As Jews around the world celebrate the holiday of Hanukkah, a new massive open online course (MOOC) being offered through YU Global, Yeshiva University’s online initiative, and Coursera, an educational technology company, will provide interested members of the public with a once in-a-lifetime opportunity to explore the cultural impact of the Arch of Titus, a central artifact in both Jewish and Western history that depicts the golden menorah used in the Jerusalem Temple, among other Temple relics.

Titled “The Arch of Titus: Rome and the Menorah,” the free online course, led by Dr. Steven Fine, the Dean Pinkhos Churgin Professor of Jewish History at YU and director of its Center for Israel Studies, combines aspects of archaeology, art history and Judaic studies.

Lots more on the Arch of Titus here and links.

Robinson, The Manichaean Codices

WHAT'S NEW IN PAPYROLOGY: James Robinson, The Manichaean Codices.
The Manichaean Codices of Medinet Madi By James M. Robinson James Clarke & Co., LTD. Expertly researched and meticulously presented, this is the story of the 4th century Manichaean Codices of Medinet Madi, their discovery, acquisition and conservation.

Cross-file under "New Book" and "Manichaean (Manichean) Watch." Recent books by Robinson on other manuscript caches have been noted here and here.

Monday, December 07, 2015

More on the Acra

ARCHAEOLOGY: Overlooking the Mount. Where was the Akra, and how could it overlook the Temple Mount, which was higher than all the surrounding areas? (STEPHEN GABRIEL ROSENBERG, Jerusalem Post).
But just recently the archaeologists went deeper, and uncovered something else.

They have exposed the massive foundations of a large tower, the foundations of its adjoining stone walls and the remains of a fine neighboring glacis, a sloping protective rampart that was built to ward off, avoid and discourage enemy attacks. The archaeologists claim that the tower foundations are so massive that the tower could have risen to a great height, and that it was probably built to overlook the Temple site, located to the north and not far away. The original supporting ground on the site had been built up to give even greater height to the tower, which thus made it possible for the Syrian Greeks on the tower, if it was them, to keep their rebellious Jewish subjects on the Mount under constant surveillance, and at the same time under the likely threat of retaliation.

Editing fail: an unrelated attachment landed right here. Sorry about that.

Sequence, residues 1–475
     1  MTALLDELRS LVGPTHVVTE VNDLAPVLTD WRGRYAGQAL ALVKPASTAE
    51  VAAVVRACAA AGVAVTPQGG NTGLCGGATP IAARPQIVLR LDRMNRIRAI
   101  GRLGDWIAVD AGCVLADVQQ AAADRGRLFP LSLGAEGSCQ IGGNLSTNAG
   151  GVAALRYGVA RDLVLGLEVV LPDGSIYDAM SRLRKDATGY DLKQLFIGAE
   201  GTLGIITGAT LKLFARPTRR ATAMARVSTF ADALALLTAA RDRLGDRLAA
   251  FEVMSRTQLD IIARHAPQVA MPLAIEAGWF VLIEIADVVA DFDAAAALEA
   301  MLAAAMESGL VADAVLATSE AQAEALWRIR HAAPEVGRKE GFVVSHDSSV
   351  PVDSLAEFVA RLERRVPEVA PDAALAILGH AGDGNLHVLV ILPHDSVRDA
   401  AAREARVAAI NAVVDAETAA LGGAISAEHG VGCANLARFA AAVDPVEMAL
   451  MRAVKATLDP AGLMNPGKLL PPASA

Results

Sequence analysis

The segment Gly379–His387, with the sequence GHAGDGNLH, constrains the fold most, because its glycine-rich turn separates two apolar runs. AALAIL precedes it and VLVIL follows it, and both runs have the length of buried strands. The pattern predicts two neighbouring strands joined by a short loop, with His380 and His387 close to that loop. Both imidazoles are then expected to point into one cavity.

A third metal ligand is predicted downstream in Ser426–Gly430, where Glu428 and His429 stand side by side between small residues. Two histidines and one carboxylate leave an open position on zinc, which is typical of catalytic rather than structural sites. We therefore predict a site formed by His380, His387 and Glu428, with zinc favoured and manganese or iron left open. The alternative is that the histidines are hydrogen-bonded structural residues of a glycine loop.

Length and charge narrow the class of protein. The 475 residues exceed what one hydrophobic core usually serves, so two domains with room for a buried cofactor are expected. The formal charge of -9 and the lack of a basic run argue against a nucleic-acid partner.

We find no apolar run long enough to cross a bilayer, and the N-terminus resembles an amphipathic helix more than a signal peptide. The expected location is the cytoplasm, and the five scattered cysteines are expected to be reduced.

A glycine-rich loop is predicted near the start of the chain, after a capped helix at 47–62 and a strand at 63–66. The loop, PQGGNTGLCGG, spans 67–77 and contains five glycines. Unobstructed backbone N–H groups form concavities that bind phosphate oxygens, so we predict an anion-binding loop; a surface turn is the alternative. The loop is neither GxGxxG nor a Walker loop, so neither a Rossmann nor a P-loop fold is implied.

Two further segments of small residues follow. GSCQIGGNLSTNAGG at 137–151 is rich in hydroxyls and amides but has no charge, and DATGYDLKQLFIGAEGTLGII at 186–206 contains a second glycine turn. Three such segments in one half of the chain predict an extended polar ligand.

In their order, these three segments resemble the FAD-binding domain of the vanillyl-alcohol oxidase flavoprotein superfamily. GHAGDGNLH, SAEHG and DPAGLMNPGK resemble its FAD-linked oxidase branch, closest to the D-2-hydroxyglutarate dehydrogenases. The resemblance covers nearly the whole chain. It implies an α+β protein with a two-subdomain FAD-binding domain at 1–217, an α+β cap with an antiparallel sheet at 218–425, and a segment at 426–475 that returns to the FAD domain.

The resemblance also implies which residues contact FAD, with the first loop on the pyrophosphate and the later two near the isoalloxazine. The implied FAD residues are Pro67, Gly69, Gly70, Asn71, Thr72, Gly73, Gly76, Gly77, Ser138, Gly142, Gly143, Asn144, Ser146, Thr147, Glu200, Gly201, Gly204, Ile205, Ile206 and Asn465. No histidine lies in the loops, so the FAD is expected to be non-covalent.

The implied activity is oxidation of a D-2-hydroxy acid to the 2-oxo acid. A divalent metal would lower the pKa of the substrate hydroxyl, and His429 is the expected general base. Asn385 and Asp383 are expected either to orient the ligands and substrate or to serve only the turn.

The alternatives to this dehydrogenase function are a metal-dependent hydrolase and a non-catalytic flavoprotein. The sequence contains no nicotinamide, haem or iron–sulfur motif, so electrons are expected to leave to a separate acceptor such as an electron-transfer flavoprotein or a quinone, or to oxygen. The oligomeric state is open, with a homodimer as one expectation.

The archaeologists claim they have found the Akra, or at least its foundations.
So that is the archaeologists' explanation of how ruins at this elevation could overlook the Temple Mount. Again, this issue is outside my expertise and I am simply following the discussion. I have no opinion on the matter myself. Background on the excavation and its possible connection to the Acra (Akra) is here, here, and here.

Elad challenged by State on City of David National Park

POLITICS: State to appeal against Elad control of Jerusalem archaeology center (DANIEL K. EISENBUD, Jerusalem Post).
The Elad Foundation, also known as the Ir David Foundation, operates the City of David National Park, which draws more than 500,000 tourists annually.

Less than two months after the Jerusalem District Court approved an agreement to transfer management of the capital’s Davidson Center Archaeological Park to the right-wing Elad Foundation, the state attorney on Thursday requested permission to appeal the decision.

Emek Shaveh, a left-wing consortium of European-funded archaeologists representing Arab residents of Jerusalem’s Silwan neighborhood, which has unsuccessfully attempted to block the move, praised the development as a “step in the right direction.”

“The state’s decision to appeal to the High Court is a step… to safeguard the heritage of Jerusalem, and maintain the status quo in the area around the Temple Mount/ al-Aksa compound,” said spokesman and archeologist Yonathan Mizrachi.

It just goes on and on. Background here.

Hanukkah series

VIDEO: Walk In The Footsteps of The Maccabees with Arutz Sheva. Special eight-part series with Israeli historian Dr. Hagai Ben Artzi lets you follow the Maccabees' path from revolution to independence.

Part One: Feature: The ancient synagogue where the Hanukkah story began. Part One of Arutz Sheva's special Hanukkah series - In The Footsteps of The Maccabees - takes you to Modiin, where it all started. A somewhat romanticized account of the revolt which treats the dialogue in 1 Maccabees etc. as a transcript. But a good travelogue nonetheless. Some past posts on Modi'in and the archaeology associated with it are here and here.

No connection between Jerusalem and early Islam?

TEMPLE MOUNT WATCH: Egyptian Muslim scholar: No connection between Temple Mt., Islam. Arab world outraged at latest research of renowned scholar of Arabic and Islamic studies Youssef Ziedan.
Renowned Egyptian scholar Youssef Ziedan, a specialist in Arabic and Islamic studies, has given a series of interviews to Egyptian television stations of late, the purpose of which appears to be to anger his Muslim colleagues.

His main point has been to say that there is actually no connection between Jerusalem and ancient Islam. When Islam was founded during the 7th century, he says, Jerusalem was a holy city to the Jews, while the Mosque of Omar was not even built until 74 years after Muhammed's death. The reason it was built, Ziedan says, is because the builder wished to detract from the centrality of Mecca in Islam.